Gordon Campbell | Parliament TV | Parliament Today | News Video | Crime | Employers | Housing | Immigration | Legal | Local Govt. | Maori | Welfare | Unions | Youth | Search


PSA Presents 'Progressive Thinking' Booklet on Housing

PSA puts housing back on the agenda with Progressive Thinking booklet

The Public Service Association is thrilled to present Progressive Thinking: ten perspectives on housing; an edited booklet that brings together some of New Zealand’s finest minds in housing policy for a conversation on an issue of prime importance to our 64,000+ members.

"Our members have told us that they want to put housing back on the agenda this election, so we are reigniting the debate with the launch of this text," says Glenn Barclay, PSA national secretary.

"We are increasingly hearing worrying stories from workers that they can no longer afford to live in the cities they work in; they cannot rely on secure or healthy rental properties; and they’re feeling disheartened by the lack of political progress on the most fundamental of issues for them."

"Make no mistake - there is a housing crisis in New Zealand, and our members are living in it."

Progressive Thinking: ten perspectives on housing contains articles on housing affordability and access, state housing and rental laws, architecture and history, housing policy analysis and broader reflections on what caused the current housing crisis. Authors include Alan Johnson (Salvation Army), Philippa Howden-Chapman (University of Otago), Jess Berenston-Shaw (Morgan Foundation) and David Rutherford (Human Rights Commissioner).

Some recurrent themes emerge during the booklet’s ten chapters - the centrality of affordable, secure, quality housing to the health and wellbeing of communities, and the need to think very differently about housing provision in the future. Several authors argue that the private market will not provide affordable housing of the type and volume that New Zealand needs, and that government needs to step in to fulfil this function.

"The first step with major social change is having the conversation, and that’s why we decided to publish this booklet," says Mr Barclay.

"With the election less than five weeks away, there is no better time to advocate for real and enduring solutions to our housing crisis."

"The status quo is simply not an option in 2017 - a nation’s ability to adequately house its citizens is fundamental to any functioning society, and that may no longer be the case in New Zealand."

The PSA’s Progressive Thinking booklet is launched 12-2pm on Monday 21st August at the St Columba Centre, Vermont Street, Ponsonby Auckland.

It is available to read online at http://psa.org.nz/housingbooklet


Foreword by Glenn Barclay & Erin Polaczuk, PSA national secretaries

1. Housing and Health by Philippa Howden-Chapman

2. Affordability - where next? by John Tookey

3. Innovating our way out of New Zealand’s housing disaster by Jess Berentson-Shaw

4. The soft privatisation of state housing by Alan Johnson

5. Beyond the quarter acre section by Bill McKay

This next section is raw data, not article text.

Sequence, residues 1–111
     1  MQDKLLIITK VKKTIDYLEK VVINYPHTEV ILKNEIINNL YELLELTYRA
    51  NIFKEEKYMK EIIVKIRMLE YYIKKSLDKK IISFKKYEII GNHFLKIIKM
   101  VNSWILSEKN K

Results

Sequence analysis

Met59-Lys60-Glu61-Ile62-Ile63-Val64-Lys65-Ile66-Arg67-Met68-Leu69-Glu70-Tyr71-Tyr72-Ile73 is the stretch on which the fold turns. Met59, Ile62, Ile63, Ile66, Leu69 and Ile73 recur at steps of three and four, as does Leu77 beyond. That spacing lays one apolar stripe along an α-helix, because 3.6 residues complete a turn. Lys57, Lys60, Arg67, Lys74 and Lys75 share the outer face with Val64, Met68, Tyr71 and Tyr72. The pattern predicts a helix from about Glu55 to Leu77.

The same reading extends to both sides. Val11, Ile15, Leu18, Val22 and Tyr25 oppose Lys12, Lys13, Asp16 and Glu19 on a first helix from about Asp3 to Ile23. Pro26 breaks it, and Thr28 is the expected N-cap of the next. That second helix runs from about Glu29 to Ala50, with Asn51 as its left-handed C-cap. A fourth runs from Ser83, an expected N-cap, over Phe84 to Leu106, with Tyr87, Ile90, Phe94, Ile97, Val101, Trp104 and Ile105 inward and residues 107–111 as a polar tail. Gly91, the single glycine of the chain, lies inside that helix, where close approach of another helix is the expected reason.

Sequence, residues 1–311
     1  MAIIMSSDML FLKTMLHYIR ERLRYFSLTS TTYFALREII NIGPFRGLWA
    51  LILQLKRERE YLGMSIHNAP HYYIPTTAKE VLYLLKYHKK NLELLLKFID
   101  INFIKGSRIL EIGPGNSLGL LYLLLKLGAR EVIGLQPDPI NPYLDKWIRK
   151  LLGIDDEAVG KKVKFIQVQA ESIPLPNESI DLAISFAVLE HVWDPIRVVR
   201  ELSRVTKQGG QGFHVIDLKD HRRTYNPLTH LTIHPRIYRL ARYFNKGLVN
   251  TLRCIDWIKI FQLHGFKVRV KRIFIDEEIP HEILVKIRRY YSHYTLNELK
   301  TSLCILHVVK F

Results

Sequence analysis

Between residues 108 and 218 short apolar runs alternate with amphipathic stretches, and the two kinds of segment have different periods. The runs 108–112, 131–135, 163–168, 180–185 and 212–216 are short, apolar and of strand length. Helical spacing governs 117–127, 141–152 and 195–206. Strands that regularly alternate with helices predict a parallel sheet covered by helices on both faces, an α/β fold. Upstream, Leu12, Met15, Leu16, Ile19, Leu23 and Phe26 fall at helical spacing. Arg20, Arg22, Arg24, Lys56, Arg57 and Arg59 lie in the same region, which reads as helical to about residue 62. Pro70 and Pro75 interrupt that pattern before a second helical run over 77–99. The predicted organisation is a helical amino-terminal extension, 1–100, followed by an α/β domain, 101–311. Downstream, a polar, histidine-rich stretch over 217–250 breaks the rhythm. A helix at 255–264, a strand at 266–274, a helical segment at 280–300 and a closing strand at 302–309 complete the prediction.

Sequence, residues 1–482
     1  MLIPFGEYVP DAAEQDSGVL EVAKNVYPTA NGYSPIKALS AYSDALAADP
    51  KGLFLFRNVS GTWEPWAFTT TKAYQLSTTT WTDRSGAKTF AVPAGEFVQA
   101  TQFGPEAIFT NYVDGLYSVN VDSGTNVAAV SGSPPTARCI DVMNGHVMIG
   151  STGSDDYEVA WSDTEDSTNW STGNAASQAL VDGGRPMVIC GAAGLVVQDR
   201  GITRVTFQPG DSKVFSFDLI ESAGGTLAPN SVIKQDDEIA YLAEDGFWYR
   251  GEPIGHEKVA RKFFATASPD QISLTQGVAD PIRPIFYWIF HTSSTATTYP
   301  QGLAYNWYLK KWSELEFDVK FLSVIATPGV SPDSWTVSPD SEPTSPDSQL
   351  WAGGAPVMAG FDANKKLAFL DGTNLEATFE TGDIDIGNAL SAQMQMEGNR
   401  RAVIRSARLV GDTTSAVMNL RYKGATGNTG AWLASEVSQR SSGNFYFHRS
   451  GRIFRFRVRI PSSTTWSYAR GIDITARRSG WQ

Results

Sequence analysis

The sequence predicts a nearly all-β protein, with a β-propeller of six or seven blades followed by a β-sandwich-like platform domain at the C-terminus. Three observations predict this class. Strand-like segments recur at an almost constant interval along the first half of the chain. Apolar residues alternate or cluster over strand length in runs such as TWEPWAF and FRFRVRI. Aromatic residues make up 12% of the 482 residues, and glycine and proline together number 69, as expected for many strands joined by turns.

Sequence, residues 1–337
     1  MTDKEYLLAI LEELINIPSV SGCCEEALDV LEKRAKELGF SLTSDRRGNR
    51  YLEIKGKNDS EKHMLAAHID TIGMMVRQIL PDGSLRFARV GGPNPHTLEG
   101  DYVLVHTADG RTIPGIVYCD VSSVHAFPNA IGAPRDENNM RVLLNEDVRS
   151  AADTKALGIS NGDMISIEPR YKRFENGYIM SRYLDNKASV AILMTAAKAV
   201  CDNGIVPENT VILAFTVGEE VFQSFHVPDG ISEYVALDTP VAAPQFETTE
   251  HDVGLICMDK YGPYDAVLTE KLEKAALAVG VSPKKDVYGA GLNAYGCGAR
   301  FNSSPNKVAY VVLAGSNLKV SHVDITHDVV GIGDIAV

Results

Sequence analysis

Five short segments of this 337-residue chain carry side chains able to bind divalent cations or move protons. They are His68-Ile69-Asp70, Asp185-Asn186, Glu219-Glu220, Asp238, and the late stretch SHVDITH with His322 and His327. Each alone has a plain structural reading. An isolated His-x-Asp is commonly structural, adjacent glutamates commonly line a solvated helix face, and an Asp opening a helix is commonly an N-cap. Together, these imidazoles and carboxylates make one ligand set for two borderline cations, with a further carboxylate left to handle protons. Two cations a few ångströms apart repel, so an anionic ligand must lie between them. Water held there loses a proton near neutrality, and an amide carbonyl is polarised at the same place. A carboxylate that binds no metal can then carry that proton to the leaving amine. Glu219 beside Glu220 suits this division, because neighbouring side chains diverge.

6. Luck and love: housing and disability by Esther Woodbury

7. No country for young men or women by Andrew Coleman

8. The forgotten 50% by Robert Whitaker

9. Local Government and the housing crisis by Shamubeel Eaqub

10. The Human Right to Adequate Housing by David Rutherford

+ A case study in Māori housing movements by Jade Kake


© Scoop Media

Parliament Headlines | Politics Headlines | Regional Headlines

Gordon Campbell: PPPs Are Steven Joyce’s New Imaginary Friend

Like the kid in that Bruce Willis movie who could see dead people, Finance Minister Steven Joyce can see stuff (like holes in Labour budgets) that no-one else can see.

So maybe it shouldn’t be all that surprising that Joyce can also see ‘efficiencies’ and ‘cost savings’ in funding major infrastructural projects through public private partnerships (PPPs). More>>


Indecision 2017: Election Day Results

National won 46% of the vote with Labour on 35.8%. NZ First won 7.5%, with the Greens on 5.8%. ACT held on to Epsom, but failed to get more MPs. The Maori Party were wiped out of Parliament. There are still special votes to be counted, but clearly National is in the box seat to form the next Government. Full preliminary results >>


Lyndon Hood: Election Lists

While the ship of state is listing, so I thought I would make some lists as well. More>>


Targetting: ACC’s Computer-Aided Decision-Making Questioned

University of Otago researchers are warning of the potential pitfalls in government departments using computer-based risk prediction models, as has been recently revealed through a controversial new tool used by the ACC... More>>


From The Hood: The Campaign Strategist’s Lament

"This election is a chance to really work the record of what nine years of National-led government has done to improve the country for everyone. Or will do. Another three years, maybe six. Thirty-three years, tops. You don’t want to risk that, do you? More>>

PSA Report: National Gets An ‘F’ For Health Funding

"Seeing National’s record on health collected in one place is quite sobering - it’s clear that underfunding is having dire consequences on both patients and staff, who are having to do more than ever with less," says Glenn Barclay, PSA national secretary. More>>





Featured InfoPages

Opening the Election
  • PublicAddress
  • Pundit
  • Kiwiblog